Book Review: Repped: 30 Days to a Better Online Reputation by Andy Beal
In these days of heavy business books laden with theory, we still encounter a few that are short, action-oriented, and eminently practical. Andy Beal’s Repped is one such book.
Beal offers readers a 30-day program to evaluate a company or individual’s online reputation, set up monitoring, and begin the process of fixing any problems or deficiencies.
Of course, any major reputation makeover is going to take a lot more than a month, but the bite-size chunking of the process makes a daunting task seem more accessible.
Beal explains how to benchmark your reputation, and points out that most of us have multiple reputations – our own name, social media nicknames, a company name, product and brand names, executive names, and even slogans identified with the company.
A strong focus on owned websites is important, according to Beal. Spending 80% of your time building owned content will pay dividends since it won’t be subject to filtering or the whims of other firms. Facebook, for example, is notorious for changing the way content is displayed and who actually sees it.
Beal’s years of experience in both search engine optimization and reputation management show in the many tidbits of practical advice. For example, when writing your bio (for social profiles or websites), Beal recommends avoiding pronouns. Rather, use declarative statements with your name. “Andy Beal is an expert in reputation management” tells Google more than the similar, “I am an expert in…” Similarly, it makes sense to name an image “firstname-lastname.jpg” instead of “headshot2014” as it is more likely to be returned in an image search. (Yes, people will see image results when they search for you in Google.)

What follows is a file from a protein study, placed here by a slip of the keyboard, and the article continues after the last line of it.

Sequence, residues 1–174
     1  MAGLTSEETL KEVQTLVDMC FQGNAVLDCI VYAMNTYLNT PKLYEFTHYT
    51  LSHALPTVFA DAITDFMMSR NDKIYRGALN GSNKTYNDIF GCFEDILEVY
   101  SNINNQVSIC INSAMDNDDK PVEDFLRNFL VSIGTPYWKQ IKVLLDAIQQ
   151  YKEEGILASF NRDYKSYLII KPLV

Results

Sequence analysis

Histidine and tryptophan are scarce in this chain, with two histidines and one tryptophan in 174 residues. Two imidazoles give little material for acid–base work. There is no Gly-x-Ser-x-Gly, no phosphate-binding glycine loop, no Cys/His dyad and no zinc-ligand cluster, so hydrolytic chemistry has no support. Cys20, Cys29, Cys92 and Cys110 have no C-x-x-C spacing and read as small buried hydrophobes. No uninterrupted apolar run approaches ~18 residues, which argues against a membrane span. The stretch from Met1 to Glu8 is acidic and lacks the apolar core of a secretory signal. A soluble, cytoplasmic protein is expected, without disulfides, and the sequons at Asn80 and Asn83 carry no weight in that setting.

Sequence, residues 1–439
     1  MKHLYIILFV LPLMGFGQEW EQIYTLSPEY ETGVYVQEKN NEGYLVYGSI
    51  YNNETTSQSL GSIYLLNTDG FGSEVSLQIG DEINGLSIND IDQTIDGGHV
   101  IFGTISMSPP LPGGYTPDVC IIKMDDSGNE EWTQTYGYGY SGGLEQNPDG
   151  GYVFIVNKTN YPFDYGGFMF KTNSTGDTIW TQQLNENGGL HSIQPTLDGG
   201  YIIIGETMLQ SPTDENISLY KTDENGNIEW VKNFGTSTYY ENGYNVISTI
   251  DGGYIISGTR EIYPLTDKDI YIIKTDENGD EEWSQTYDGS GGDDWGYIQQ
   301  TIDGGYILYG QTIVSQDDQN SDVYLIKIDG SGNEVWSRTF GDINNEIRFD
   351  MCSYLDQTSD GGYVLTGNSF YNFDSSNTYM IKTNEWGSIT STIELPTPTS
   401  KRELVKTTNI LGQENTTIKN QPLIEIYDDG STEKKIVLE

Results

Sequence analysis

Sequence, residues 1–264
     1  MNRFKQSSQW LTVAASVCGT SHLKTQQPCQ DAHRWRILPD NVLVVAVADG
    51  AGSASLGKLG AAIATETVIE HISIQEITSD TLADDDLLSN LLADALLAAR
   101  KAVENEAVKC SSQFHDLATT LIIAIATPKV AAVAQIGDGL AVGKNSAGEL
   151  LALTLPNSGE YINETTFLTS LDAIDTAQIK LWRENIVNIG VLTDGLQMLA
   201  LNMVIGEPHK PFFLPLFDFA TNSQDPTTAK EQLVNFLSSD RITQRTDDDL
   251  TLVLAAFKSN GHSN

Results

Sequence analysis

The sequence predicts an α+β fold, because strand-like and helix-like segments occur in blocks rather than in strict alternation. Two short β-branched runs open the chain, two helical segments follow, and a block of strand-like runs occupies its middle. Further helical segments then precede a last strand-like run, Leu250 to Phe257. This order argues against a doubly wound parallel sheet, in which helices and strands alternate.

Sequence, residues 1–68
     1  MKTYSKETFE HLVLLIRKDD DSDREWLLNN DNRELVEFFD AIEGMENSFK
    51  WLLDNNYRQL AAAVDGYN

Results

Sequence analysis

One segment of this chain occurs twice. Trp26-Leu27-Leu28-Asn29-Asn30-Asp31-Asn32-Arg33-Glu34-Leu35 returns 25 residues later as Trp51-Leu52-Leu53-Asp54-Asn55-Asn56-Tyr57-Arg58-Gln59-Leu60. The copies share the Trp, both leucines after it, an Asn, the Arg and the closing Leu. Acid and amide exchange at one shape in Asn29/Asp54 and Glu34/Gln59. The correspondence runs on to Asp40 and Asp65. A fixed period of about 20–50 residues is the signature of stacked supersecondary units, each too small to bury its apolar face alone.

Naturally, Beal devotes space to dealing with negative information like bad reviews and unfavorable commentary. His actions run the gamut of possibilities, from ensuring a flow of real and accurate reviews to increasing the amount of content that ranks higher than the offending page or pages. Beal also provides experience-based advice on dealing directly with those who publish negative information.
Beal discusses optimizing your various social profiles, and also seeking help from other sites that you don’t own or control. Will a business partner post a testimonial? Can you sponsor an event with a local charity or organization that will result in a profile on their site?
While perhaps a bit simplistic for a Fortune 500 firm, Beal’s book is a great starting point for small and medium businesses seeking to improve their online reputation. Individuals, too, can benefit. In my Forbes review, 30 Reasons To Put Your Job Search On Hold For A Month, I focused on the benefits for anyone planning to look for a new job.
Author Brian Solis contributed the book’s Foreword, so it’s no surprise that Beal echoes one of Solis’s themes: be the reputation you hope for. Reputation management isn’t about spinning a false image or papering over problems, it’s about ensuring that one’s image is as accurate and undistorted as possible.
From Around the Web
The reaction to Repped has been overwhelmingly favorable. Elmer Boutin, at The Crossing of Marketing & IT, called it, “a great guide to ORM for individuals, those who run SMBs or those who wish to improve their online reputation practice skills.” Gretchen Egeberg of AimClear proclaimed, “This guy really knows his stuff.” Ivana Taylor of Small Biz Trends said individuals, small businesses, and even big brands “will all find solace and strategy inside the pages of Repped.” Blogger Richie Norton said, “Every page seems to have practical advice that keeps me jumping back and forth between the book and my computer to put the principles into practice.”
Brian Solis reprised his foreward blog post, and summed things up nicely: “Repped will help you earn digital significance.”